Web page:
Saturday, July 7, 2007

Eight of 11 employees listed as part of acting schools Chancellor Michelle A. Rhee’s transition team are projected to earn annual salaries of more than $100,000, while two will earn $200,000, according to a list provided by the administration of Mayor Adrian M. Fenty.

The pay levels of the new executives and the salary of Mrs. Rhee — who will earn $275,000 a year plus a $41,250 signing bonus — have caused some concern among D.C. Council members, who cautioned against setting the pay grade too high and warned that the salaries will warrant strict accountability.

“If we’re going to spend more money on salaries, there must be some real-time deliverables on academic achievement,” said Kwame R. Brown, at-large Democrat. “While I’ll be supporting the nominee, I think it’s important to note the expectation, on a scale of one to 10, is a 15.”

Carol Schwartz, at-large Republican, cautioned Mrs. Rhee at her confirmation hearing before the council on Monday about bringing in employees at too high of a salary level.

“Oftentimes people that work for nonprofits or governments do so out of love for what they’re doing and not because of salaries,” Mrs. Schwartz said later this week. “However, I’ve noticed both in terms of the nonprofit that she ran and the kinds of salaries that these individuals are going to be paid by our government that they don’t seem to be making much of a sacrifice.”

Mrs. Rhee’s new hires include Lisa Marie Ruda, former chief of staff to Cleveland schools chief Barbara Byrd-Bennett. Miss Ruda, who also served as interim chief executive officer of the Cleveland school system, will be chief of staff to Mrs. Rhee and earn $200,000. Peter G. Parham, chief of staff to former schools Superintendent Clifford B. Janey, earned a base salary of $170,000 in 2006.

It is unclear from their job titles how the other positions will correspond to positions in the staff of Mr. Janey. The makeup of Mrs. Rhee’s transition team reflects several new positions that fall under the oversight of the schools chancellor, which was created through Mr. Fenty’s school-takeover legislation.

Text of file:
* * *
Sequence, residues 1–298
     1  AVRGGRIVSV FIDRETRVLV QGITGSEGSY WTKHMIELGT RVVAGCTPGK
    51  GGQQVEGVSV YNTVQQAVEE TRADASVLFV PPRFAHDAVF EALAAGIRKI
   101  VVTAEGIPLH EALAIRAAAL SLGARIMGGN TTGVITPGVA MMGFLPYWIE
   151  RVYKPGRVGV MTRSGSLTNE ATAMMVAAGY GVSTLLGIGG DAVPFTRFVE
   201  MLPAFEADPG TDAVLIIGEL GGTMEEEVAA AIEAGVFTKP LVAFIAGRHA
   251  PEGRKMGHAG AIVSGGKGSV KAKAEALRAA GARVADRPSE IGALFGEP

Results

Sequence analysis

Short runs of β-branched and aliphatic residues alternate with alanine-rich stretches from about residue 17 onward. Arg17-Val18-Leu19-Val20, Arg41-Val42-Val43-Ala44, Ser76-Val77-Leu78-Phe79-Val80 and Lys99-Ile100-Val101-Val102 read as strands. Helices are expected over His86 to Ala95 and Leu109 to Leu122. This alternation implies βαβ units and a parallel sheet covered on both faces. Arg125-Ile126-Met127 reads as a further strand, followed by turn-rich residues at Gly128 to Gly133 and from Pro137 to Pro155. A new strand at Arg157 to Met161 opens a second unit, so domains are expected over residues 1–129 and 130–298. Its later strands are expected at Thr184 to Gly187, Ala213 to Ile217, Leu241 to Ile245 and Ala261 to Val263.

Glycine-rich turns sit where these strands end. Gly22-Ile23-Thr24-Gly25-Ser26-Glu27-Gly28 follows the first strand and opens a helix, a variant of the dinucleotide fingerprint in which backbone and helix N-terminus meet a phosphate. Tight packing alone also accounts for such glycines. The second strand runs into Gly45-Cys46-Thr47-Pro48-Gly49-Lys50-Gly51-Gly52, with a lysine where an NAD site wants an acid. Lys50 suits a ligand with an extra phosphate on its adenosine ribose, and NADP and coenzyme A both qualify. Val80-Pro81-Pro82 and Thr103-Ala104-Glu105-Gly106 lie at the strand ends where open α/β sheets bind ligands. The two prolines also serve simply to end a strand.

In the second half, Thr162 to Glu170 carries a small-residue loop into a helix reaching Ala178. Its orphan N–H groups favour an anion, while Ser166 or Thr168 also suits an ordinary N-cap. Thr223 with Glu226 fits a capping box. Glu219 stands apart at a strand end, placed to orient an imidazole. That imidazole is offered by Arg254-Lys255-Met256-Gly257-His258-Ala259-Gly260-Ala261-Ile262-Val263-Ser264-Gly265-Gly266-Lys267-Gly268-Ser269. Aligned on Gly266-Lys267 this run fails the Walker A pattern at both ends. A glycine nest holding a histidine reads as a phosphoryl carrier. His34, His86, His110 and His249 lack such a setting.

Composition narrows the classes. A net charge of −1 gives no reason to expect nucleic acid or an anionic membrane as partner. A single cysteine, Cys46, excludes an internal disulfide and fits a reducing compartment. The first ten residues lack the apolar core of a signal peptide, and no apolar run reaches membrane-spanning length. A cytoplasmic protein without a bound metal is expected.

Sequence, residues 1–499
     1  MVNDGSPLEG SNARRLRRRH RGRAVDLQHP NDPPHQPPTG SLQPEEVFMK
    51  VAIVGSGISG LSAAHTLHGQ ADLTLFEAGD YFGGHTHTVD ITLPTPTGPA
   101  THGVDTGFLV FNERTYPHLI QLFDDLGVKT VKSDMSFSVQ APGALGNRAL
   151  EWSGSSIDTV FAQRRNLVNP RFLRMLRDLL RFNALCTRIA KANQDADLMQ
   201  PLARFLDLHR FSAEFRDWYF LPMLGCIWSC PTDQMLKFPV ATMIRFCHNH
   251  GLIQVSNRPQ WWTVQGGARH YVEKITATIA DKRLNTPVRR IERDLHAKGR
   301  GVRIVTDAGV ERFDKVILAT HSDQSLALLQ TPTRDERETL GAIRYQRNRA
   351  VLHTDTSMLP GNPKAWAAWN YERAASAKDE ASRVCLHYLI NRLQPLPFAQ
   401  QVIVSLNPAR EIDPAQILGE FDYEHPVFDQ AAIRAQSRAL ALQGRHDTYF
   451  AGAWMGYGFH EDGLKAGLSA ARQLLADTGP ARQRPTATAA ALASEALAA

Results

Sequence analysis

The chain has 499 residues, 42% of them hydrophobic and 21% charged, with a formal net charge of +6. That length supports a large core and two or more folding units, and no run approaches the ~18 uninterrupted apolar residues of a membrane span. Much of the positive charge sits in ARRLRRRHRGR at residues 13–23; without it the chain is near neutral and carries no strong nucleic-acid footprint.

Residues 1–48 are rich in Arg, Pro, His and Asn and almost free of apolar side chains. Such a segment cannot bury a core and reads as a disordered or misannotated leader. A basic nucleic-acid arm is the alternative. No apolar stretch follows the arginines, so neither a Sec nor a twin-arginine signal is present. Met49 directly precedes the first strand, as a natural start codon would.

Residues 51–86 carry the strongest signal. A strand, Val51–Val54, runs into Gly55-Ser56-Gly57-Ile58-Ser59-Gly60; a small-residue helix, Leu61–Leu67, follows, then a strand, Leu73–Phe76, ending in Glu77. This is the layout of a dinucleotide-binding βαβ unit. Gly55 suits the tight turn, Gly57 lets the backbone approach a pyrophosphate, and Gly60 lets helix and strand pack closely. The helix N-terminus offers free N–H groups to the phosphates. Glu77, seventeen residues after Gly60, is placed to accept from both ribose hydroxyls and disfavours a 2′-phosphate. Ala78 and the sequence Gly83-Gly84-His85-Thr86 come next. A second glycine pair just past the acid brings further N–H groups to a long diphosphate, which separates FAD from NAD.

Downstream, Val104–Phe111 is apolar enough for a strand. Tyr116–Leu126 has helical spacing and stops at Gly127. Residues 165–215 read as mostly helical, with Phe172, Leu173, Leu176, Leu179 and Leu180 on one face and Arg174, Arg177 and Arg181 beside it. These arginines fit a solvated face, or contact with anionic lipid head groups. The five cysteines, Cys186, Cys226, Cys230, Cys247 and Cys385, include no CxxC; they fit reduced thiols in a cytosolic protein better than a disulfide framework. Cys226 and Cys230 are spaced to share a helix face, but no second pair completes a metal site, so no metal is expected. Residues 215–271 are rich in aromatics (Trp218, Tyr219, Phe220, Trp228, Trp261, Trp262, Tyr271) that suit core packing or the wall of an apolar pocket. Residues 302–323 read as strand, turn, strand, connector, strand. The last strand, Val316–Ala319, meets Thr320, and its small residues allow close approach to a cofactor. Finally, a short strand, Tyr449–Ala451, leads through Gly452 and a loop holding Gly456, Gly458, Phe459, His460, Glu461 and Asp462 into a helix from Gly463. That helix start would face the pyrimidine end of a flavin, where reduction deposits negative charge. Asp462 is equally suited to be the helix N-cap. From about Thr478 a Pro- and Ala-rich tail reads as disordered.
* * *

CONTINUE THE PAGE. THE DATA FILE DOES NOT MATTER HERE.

For example, job titles for some of Miss Rhee’s new hires include “transition assistant for opening of schools” and “transition assistant for principal hiring.”

Mrs. Rhee also has hired Billy Kearney, Memphis director of the nonprofit New Leaders for New Schools. Mrs. Rhee had been rumored to be recruiting Mr. Kearney, who will earn $120,000 as transition assistant for leadership and could play a key role in helping to fill the District’s principal vacancies.

Mr. Kearney also was the Atlanta director of the nonprofit Teach for America, which recruited Mrs. Rhee to teach in a Baltimore public school in the early 1990s.

In one of her first moves as acting chancellor, Mrs. Rhee placed a freeze on hiring principals in order to search for the best candidates. Mr. Kearney’s starting date is listed as June 26.

One of Mrs. Rhee’s first hires also was Deputy Chancellor Kaya Henderson, who worked with Mrs. Rhee at the nonprofit New Teacher Project and will earn $200,000.

Ms. Henderson is a former board member of the local nonprofit EdBuild, and Mr. Fenty’s deputy mayor for planning and economic development, Neil O. Albert, is a former president and chief executive officer of EdBuild, which partners with public schools to improve academics and crumbling school facilities.

The transition team’s main focus will be ensuring that the school system opens smoothly in August, and it was unclear how many of the employees would remain on staff in the chancellor’s office permanently.

Fenty officials said of 11 employees listed tentatively as part of Mrs. Rhee’s transition team that only five are currently on the District’s payroll. The salaries also could be less than projected if officials merge the new positions with ones already existing in the school system and as the council’s concerns are weighed, officials said.

Some council members said they are “impressed” with Mrs. Rhee’s priorities for the school system, which include rebuilding the system’s special education program and creating greater accountability for both students and teachers.

“What’s significant for our residents is when we get ready to open schools, we have a person in position to do it,” said Muriel Bowser, Ward 4 Democrat.

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